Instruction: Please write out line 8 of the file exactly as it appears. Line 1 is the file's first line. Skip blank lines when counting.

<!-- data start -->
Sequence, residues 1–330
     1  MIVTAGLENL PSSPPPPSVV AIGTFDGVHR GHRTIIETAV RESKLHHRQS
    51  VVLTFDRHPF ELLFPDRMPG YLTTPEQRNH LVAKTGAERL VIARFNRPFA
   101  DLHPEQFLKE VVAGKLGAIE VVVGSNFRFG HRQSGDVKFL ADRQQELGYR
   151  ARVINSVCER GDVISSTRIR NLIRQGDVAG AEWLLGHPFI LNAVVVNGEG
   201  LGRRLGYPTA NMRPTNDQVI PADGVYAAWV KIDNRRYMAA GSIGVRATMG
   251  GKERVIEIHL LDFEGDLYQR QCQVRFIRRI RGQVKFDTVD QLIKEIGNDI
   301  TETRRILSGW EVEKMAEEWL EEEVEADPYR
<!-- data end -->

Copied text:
   301  TETRRILSGW EVEKMAEEWL EEEVEADPYR